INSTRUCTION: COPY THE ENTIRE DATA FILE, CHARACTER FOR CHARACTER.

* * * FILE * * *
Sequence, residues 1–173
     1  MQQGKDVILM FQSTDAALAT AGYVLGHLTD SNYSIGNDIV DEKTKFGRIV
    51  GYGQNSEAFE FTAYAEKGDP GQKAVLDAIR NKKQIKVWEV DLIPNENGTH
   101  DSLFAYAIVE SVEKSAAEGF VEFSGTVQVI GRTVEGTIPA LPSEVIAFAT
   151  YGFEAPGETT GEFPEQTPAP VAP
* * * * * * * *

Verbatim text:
Sequence, residues 1–173
     1  MQQGKDVILM FQSTDAALAT AGYVLGHLTD SNYSIGNDIV DEKTKFGRIV
    51  GYGQNSEAFE FTAYAEKGDP GQKAVLDAIR NKKQIKVWEV DLIPNENGTH
   101  DSLFAYAIVE SVEKSAAEGF VEFSGTVQVI GRTVEGTIPA LPSEVIAFAT
   151  YGFEAPGETT GEFPEQTPAP VAP